Instead Hansen advocates a new generation of reactors.

But the designs are untested, with implementation schedules stretching out for decades.  Financing is a major obstacle as is waste disposal and widespread public opposition, now certain to escalate with the IPCC’s confirmation that renewables can provide the power so much cheaper and faster.

With its 15-year deadline for massive carbon reductions the IPCC has effectively timed out any chance a new generation of reactors could help.

And with its clear endorsement of green power as a tangible, doable, affordable solution for the climate crisis, the pro-nuke case has clearly suffered a multiple meltdown.

With green power, says IPCC co-chair Jim Skea, a British professor, a renewable solution is at hand. “It’s actually affordable to do it and people are not going to have to sacrifice their aspirations about improved standards of living.”

 

Salvation Gets Cheap

April 19, 2014
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The Intergovernmental Panel on Climate Change, which pools the efforts of scientists around the globe, has begun releasing draft chapters from its latest assessment, and, for the most part, the reading is as grim as you might expect. We are still on the road to catastrophe without major policy changes.

But there is one piece of the assessment that is surprisingly, if conditionally, upbeat: Its take on the economics of mitigation. Even as the report calls for drastic action to limit emissions of greenhouse gases, it asserts that the economic impact of such drastic action would be surprisingly small. In fact, even under the most ambitious goals the assessment considers, the estimated reduction in economic growth would basically amount to a rounding error, around 0.06 percent per year.

What’s behind this economic optimism? To a large extent, it reflects a technological revolution many people don’t know about, the incredible recent decline in the cost of renewable energy, solar power in particular.

Before I get to that revolution, however, let’s talk for a minute about the overall relationship between economic growth and the environment.

Other things equal, more G.D.P. tends to mean more pollution. What transformed China into the world’s largest emitter of greenhouse gases? Explosive economic growth. But other things don’t have to be equal. There’s no necessary one-to-one relationship between growth and pollution.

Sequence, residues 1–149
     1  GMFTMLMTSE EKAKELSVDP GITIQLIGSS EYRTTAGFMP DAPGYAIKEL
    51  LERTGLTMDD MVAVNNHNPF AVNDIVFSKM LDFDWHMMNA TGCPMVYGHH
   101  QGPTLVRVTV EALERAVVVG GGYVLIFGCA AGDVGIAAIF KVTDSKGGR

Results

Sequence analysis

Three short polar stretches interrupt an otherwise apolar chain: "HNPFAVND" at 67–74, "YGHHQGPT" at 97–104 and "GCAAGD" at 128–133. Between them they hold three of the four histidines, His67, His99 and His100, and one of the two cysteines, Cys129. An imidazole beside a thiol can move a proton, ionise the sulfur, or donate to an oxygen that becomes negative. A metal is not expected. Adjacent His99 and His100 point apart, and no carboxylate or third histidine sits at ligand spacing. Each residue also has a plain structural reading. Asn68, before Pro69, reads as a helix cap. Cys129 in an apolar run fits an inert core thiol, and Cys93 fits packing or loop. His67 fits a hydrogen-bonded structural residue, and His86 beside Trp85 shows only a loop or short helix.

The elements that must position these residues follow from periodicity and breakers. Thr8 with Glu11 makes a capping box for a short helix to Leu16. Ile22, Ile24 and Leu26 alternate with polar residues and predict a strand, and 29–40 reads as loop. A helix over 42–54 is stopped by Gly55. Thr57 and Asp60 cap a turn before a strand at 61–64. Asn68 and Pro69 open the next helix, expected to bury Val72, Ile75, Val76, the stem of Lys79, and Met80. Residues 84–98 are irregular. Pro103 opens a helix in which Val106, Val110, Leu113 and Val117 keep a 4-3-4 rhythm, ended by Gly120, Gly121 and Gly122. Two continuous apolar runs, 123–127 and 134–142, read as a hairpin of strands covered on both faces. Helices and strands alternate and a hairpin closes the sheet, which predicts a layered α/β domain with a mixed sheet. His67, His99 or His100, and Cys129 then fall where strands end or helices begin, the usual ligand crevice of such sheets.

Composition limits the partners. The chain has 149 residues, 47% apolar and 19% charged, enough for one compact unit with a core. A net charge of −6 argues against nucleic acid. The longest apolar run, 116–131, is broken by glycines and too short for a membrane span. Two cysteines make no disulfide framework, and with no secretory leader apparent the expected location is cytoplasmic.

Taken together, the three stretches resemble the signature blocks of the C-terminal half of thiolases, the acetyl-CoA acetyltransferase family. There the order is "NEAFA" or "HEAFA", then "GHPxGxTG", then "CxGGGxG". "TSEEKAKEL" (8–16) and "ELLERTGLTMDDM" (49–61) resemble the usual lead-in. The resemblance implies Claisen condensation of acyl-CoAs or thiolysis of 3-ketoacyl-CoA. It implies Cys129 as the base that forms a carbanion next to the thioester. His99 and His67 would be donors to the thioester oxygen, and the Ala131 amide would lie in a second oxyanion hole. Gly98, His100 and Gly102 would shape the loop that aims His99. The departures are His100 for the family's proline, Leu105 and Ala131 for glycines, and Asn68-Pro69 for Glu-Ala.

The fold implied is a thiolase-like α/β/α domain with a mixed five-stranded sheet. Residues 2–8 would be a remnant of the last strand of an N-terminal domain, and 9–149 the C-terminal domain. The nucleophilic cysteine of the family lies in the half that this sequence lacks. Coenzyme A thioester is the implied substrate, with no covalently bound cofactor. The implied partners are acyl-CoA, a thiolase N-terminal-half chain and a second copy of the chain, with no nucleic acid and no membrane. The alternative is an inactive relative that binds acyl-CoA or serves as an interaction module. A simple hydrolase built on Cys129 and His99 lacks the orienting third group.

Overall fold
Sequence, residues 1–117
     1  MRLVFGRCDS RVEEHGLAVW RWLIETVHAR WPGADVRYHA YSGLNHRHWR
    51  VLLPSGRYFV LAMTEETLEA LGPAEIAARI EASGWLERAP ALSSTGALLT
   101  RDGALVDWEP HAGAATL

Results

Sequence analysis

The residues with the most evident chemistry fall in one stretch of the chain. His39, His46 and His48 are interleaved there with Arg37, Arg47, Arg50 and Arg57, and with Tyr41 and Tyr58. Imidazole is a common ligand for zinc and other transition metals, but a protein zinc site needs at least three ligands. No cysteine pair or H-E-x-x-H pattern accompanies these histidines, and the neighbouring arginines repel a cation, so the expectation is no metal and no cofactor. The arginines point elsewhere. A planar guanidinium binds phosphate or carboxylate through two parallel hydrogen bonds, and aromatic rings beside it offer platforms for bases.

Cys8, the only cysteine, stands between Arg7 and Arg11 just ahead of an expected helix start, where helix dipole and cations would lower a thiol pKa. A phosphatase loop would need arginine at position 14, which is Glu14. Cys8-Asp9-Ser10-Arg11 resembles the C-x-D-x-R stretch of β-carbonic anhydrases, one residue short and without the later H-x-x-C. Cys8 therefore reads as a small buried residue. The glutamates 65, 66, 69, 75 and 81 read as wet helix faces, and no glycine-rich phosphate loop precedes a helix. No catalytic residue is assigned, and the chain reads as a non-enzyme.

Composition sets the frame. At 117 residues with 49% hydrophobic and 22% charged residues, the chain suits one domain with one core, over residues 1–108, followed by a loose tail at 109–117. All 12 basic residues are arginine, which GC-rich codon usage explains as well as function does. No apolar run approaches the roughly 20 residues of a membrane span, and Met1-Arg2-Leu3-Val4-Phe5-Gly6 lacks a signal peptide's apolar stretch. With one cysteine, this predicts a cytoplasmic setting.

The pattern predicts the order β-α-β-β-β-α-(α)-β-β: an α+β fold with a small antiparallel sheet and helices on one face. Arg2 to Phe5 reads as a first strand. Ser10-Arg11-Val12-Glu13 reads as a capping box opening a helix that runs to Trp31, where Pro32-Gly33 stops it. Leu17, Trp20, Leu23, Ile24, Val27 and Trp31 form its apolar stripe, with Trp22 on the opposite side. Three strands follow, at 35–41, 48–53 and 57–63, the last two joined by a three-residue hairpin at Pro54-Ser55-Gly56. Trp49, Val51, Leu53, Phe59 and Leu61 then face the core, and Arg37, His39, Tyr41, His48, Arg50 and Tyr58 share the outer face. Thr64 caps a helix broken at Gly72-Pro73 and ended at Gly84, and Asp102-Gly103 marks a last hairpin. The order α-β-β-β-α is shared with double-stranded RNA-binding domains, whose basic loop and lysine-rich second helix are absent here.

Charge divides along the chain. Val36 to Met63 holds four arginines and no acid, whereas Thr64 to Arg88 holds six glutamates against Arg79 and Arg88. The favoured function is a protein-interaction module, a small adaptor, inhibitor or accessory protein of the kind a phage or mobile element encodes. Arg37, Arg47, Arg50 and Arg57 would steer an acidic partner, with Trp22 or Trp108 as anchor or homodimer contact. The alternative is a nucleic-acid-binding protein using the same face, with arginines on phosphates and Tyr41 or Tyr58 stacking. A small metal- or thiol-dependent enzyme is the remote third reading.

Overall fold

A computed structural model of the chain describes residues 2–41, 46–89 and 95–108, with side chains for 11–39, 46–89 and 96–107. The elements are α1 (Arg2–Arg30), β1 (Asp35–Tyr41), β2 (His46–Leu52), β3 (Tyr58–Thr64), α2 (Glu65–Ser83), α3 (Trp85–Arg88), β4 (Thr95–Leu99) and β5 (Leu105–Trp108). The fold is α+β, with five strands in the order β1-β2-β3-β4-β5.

People on both the left and the right often fail to understand this point. (I hate it when pundits try to make every issue into a case of “both sides are wrong,” but, in this case, it happens to be true.) On the left, you sometimes find environmentalists asserting that to save the planet we must give up on the idea of an ever-growing economy; on the right, you often find assertions that any attempt to limit pollution will have devastating impacts on growth. But there’s no reason we can’t become richer while reducing our impact on the environment.

Let me add that free-market advocates seem to experience a peculiar loss of faith whenever the subject of the environment comes up. They normally trumpet their belief that the magic of the market can surmount all obstacles — that the private sector’s flexibility and talent for innovation can easily cope with limiting factors like scarcity of land or minerals. But suggest the possibility of market-friendly environmental measures, like a carbon tax or a cap-and-trade system for carbon emissions, and they suddenly assert that the private sector would be unable to cope, that the costs would be immense. Funny how that works.

The sensible position on the economics of climate change has always been that it’s like the economics of everything else — that if we give corporations and individuals an incentive to reduce greenhouse gas emissions, they will respond. What form would that response take? Until a few years ago, the best guess was that it would proceed on many fronts, involving everything from better insulation and more fuel-efficient cars to increased use of nuclear power.